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Saunton Sands is a beach in the English village of Saunton on the North Devon coast near Braunton, popular as a longboard surfing location. Its southern end, 'Crow Point', lies at the mouth of the River Taw estuary. It is part of the Taw-Torridge estuary Area of Outstanding Natural Beauty and is at the centre of the UNESCO-designated North Devon's Biosphere Reserve, where Braunton Burrows lies at the heart.
'Saunton Sands Hotel' overlooks the beach at the northern end, which, in this part of the beach, is a designated military training area. It is cordoned off a few times a year and the beach is converted into an air strip for the military transport planes, usually the Lockheed C-130 Hercules, of the Royal Air Force to practice STOL beach landing and take off. There are permanent restrictions for flying kites on this part of the beach.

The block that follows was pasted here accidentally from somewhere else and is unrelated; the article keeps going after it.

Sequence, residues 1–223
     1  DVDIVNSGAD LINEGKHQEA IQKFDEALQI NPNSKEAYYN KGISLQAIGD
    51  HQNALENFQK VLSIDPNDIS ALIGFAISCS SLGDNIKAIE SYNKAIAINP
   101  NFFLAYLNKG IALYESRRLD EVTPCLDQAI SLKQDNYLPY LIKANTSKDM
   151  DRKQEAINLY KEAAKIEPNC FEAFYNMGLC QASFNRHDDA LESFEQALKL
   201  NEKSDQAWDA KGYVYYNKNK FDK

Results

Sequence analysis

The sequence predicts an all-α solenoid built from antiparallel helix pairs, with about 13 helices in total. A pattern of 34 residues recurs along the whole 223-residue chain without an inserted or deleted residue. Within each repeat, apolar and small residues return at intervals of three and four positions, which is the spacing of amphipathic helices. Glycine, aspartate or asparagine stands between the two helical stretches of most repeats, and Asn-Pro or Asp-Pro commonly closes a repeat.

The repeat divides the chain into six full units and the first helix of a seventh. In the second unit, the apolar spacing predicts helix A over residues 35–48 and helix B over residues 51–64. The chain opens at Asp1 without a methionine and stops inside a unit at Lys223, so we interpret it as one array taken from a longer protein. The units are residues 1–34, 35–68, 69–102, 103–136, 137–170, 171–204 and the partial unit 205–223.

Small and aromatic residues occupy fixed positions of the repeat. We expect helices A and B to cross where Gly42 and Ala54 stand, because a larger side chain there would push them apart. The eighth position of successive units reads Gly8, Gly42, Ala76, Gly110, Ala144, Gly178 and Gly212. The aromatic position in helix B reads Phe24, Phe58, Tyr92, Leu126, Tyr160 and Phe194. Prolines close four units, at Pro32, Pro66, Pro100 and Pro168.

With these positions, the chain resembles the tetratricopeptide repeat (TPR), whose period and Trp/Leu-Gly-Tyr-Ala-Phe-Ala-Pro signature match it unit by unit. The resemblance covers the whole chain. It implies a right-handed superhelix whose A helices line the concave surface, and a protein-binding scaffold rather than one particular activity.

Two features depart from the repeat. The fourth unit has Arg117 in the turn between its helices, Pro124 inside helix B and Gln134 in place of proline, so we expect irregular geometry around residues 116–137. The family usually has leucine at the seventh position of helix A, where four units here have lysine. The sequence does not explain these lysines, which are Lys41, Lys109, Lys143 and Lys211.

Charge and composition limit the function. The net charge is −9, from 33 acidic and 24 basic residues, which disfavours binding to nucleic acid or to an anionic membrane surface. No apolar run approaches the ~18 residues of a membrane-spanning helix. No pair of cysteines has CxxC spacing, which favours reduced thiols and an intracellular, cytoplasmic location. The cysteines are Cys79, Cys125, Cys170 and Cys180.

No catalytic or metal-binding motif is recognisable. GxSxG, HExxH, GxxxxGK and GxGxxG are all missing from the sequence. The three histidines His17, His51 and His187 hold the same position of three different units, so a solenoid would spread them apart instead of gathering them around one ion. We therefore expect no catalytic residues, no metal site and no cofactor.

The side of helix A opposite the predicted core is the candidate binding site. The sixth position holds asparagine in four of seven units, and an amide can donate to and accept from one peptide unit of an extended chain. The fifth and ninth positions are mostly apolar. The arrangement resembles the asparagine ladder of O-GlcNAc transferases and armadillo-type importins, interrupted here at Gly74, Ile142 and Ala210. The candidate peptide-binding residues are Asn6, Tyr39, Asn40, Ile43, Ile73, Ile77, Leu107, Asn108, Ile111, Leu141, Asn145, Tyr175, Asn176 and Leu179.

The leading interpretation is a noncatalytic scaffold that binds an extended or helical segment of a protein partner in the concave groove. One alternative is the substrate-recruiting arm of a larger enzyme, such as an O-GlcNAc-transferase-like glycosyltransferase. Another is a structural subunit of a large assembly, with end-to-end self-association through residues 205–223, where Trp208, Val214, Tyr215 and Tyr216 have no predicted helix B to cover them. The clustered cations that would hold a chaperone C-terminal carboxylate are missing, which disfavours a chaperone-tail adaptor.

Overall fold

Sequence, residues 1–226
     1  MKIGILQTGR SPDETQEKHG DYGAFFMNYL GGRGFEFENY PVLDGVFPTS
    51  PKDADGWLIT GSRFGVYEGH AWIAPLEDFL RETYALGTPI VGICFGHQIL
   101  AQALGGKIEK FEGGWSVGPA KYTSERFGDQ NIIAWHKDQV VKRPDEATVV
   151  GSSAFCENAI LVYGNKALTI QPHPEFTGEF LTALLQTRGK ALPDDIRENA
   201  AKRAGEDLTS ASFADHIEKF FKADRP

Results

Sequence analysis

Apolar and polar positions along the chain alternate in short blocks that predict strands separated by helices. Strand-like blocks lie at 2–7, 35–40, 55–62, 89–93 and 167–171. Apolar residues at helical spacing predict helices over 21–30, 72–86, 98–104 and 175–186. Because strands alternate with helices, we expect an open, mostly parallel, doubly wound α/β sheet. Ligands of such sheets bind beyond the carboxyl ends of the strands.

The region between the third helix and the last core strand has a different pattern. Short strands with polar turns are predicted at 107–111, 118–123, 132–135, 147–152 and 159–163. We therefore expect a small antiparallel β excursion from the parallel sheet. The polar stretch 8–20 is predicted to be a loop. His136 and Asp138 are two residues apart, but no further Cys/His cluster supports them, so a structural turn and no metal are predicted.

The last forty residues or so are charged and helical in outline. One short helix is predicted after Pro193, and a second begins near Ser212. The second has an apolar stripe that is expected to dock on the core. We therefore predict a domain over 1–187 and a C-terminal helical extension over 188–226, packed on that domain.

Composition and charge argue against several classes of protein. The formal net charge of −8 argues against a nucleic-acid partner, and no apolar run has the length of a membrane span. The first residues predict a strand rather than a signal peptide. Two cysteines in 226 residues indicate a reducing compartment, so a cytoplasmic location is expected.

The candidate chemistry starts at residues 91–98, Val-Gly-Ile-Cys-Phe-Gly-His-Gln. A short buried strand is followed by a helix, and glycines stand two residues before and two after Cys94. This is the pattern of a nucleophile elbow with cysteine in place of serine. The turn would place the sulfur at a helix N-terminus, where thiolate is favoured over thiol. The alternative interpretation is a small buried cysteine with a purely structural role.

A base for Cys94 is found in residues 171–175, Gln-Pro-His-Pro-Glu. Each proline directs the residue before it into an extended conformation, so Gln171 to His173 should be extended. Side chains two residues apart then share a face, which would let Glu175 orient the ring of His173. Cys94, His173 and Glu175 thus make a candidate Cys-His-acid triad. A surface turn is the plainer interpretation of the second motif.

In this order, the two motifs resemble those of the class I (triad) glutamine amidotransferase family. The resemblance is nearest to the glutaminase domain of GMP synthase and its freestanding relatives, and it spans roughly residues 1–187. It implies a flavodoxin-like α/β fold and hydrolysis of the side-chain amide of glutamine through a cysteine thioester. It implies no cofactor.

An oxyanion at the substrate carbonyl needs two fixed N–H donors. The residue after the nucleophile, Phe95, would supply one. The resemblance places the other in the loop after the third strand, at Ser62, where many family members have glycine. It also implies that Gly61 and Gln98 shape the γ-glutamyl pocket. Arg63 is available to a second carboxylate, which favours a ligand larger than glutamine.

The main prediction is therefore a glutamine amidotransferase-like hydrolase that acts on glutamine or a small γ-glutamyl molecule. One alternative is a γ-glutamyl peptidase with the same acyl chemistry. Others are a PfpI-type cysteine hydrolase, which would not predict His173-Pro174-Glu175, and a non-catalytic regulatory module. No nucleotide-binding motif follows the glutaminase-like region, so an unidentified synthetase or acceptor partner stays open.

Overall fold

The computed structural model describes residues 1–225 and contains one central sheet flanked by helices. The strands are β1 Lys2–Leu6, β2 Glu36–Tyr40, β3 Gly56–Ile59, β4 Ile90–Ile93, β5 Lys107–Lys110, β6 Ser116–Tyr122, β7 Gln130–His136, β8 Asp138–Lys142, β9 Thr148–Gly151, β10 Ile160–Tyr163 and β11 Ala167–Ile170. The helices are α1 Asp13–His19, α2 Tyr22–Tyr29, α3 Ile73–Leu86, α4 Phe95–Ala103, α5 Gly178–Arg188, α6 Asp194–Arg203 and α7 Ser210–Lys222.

Saunton Sands is popular with surfers because the beach is long and provides space for large groups.
In popular culture
Saunton Sands was used as a location for the 1946 Powell and Pressburger film A Matter of Life and Death (sometimes called Stairway to Heaven), and can be seen where David Niven's character is washed up on the beach after he jumps from his plane without a parachute - and survives.
The beach was used as a location for the Second World War Anzio landings scenes in the 1982 Pink Floyd film The Wall and as the backdrop for over 700 wrought iron hospital beds on the cover of the band's 1987 album A Momentary Lapse of Reason. Saunton Sands also doubled for the Normandy beaches in 2013's Edge of Tomorrow.
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